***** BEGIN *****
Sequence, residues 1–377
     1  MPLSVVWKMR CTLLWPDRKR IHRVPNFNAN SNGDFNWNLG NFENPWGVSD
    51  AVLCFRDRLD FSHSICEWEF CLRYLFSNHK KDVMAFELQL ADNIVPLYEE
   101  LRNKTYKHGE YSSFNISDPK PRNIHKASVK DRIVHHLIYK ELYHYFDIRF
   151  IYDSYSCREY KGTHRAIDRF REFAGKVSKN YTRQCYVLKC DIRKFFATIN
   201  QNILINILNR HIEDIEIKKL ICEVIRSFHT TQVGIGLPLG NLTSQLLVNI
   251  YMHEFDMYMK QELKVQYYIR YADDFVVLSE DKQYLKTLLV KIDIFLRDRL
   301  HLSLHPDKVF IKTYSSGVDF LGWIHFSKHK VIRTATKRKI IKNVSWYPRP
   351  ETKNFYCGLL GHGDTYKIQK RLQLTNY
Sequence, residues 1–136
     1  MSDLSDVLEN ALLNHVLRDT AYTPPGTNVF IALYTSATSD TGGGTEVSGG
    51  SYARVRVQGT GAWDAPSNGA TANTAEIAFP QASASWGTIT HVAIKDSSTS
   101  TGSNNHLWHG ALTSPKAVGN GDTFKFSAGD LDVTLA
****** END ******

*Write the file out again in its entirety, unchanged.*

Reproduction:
Sequence, residues 1–377
     1  MPLSVVWKMR CTLLWPDRKR IHRVPNFNAN SNGDFNWNLG NFENPWGVSD
    51  AVLCFRDRLD FSHSICEWEF CLRYLFSNHK KDVMAFELQL ADNIVPLYEE
   101  LRNKTYKHGE YSSFNISDPK PRNIHKASVK DRIVHHLIYK ELYHYFDIRF
   151  IYDSYSCREY KGTHRAIDRF REFAGKVSKN YTRQCYVLKC DIRKFFATIN
   201  QNILINILNR HIEDIEIKKL ICEVIRSFHT TQVGIGLPLG NLTSQLLVNI
   251  YMHEFDMYMK QELKVQYYIR YADDFVVLSE DKQYLKTLLV KIDIFLRDRL
   301  HLSLHPDKVF IKTYSSGVDF LGWIHFSKHK VIRTATKRKI IKNVSWYPRP
   351  ETKNFYCGLL GHGDTYKIQK RLQLTNY
Sequence, residues 1–136
     1  MSDLSDVLEN ALLNHVLRDT AYTPPGTNVF IALYTSATSD TGGGTEVSGG
    51  SYARVRVQGT GAWDAPSNGA TANTAEIAFP QASASWGTIT HVAIKDSSTS
   101  TGSNNHLWHG ALTSPKAVGN GDTFKFSAGD LDVTLA